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Air Canada Launches Regional Bus Connections

Canada's largest airline is adding regional bus connections from its hub at Toronto Pearson.

Air Canada will begin a pilot project with regional bus service between Toronto Pearson and John C. Munro Hamilton International Airport and the Region of Waterloo International Airport in May 2024, in partnership with Landline (Photo: Air Canada)

Air Canada is joining the trend of airlines offering regional bus service, with a newly announced partnership with coach operator Landline. The airline will start offering service between Toronto Pearson International Airport and two smaller airports nearby starting in May.

Air Canada and Landline’s New Bus Connections

The new bus service will connect Toronto Pearson with John C. Munro Hamilton International Airport and Region of Waterloo International Airport. Hamilton is situated just outside the Greater Toronto Area and the airport serves both the city itself and the surrounding region. Meanwhile, Region of Waterloo International Airport serves the Kitchener–Waterloo region, a metropolitan area in southern Ontario.

Both airports are approximately fifty miles away from Toronto Pearson, which translates to a driving time of under one hour without traffic. The bus service will only be offered as a connection to or from a flight at Toronto Pearson, meaning that travelers will not be able to book the bus trips as an individual segment.

Travelers departing from Hamilton or Kitchener–Waterloo can check in online or at new Air Canada check-in counters at the two airports. Bags can be checked at Hamiton or Kitchener–Waterloo and the bus will depart from the curb outside the check-in area. However, passengers connecting onto the buses after a flight arriving at Toronto Pearson will have to pick up their luggage at the baggage claim before proceeding to their bus.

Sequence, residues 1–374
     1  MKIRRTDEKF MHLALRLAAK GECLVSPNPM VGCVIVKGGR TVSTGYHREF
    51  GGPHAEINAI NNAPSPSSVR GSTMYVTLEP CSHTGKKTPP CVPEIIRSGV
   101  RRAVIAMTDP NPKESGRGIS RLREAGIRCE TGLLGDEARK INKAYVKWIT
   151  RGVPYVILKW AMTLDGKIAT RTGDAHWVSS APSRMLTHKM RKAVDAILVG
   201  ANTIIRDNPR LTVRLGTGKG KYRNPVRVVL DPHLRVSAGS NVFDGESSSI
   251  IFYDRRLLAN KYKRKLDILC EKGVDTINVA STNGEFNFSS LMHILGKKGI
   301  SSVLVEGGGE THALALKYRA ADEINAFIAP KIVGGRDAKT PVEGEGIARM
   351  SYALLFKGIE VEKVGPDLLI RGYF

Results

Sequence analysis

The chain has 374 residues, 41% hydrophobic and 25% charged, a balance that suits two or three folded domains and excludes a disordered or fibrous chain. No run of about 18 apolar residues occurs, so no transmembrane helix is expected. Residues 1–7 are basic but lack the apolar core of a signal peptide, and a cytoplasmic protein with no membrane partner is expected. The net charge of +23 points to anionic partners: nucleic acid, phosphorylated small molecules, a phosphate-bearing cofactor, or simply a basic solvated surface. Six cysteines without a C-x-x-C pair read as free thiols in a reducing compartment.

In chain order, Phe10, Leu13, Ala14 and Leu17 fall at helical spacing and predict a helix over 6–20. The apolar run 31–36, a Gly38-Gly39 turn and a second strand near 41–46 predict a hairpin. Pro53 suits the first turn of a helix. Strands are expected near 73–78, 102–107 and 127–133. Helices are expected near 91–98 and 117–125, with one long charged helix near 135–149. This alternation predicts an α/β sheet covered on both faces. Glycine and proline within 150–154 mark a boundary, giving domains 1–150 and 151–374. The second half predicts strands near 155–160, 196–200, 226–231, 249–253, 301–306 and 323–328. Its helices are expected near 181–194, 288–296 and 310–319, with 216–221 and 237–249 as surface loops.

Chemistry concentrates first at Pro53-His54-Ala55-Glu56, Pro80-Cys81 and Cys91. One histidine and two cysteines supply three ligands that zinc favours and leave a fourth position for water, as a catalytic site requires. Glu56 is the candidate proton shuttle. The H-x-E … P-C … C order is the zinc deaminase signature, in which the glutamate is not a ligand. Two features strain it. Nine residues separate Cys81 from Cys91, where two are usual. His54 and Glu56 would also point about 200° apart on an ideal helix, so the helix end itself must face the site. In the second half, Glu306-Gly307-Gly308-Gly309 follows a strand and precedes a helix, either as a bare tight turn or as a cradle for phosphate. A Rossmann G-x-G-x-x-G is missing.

The buses will be operated by Landline, an American company that specializes in air-to-ground connections. The Canadian-made coaches will have 36 reclining leather seats in a 2-1 configuration. Travelers will have in-seat power, a tray table, free Wi-Fi, and access to an onboard lavatory.

Air Canada’s new multimodal service will begin as a pilot project in May of 2024. There will initially be six daily round trips between each of the smaller airports and Toronto Pearson.

Motor coach company Landline will operate Air Canada’s new regional bus connections using Canadian-made Prevost buses (Photo: Air Canada)

Regional Connectivity and Competition

Although Landline buses have been used to replace aircraft on some regional routes in the United States, Air Canada currently does not have service to either Hamilton or Kitchener–Waterloo. Air Canada previously operated flights between Hamilton and Montreal but axed the route in 2019 due to low sales.

Air Canada will therefore be entering markets that are currently occupied by some of its smaller competitors. Flair Airlines has a strong presence in Kitchener–Waterloo, while Sunwing and WestJet – and previously Swoop – also serve both airports. Hamilton is also served by Air Transat and Icelandic low-cost carrier PLAY, which operates up to seven flights per week to Reykjavík.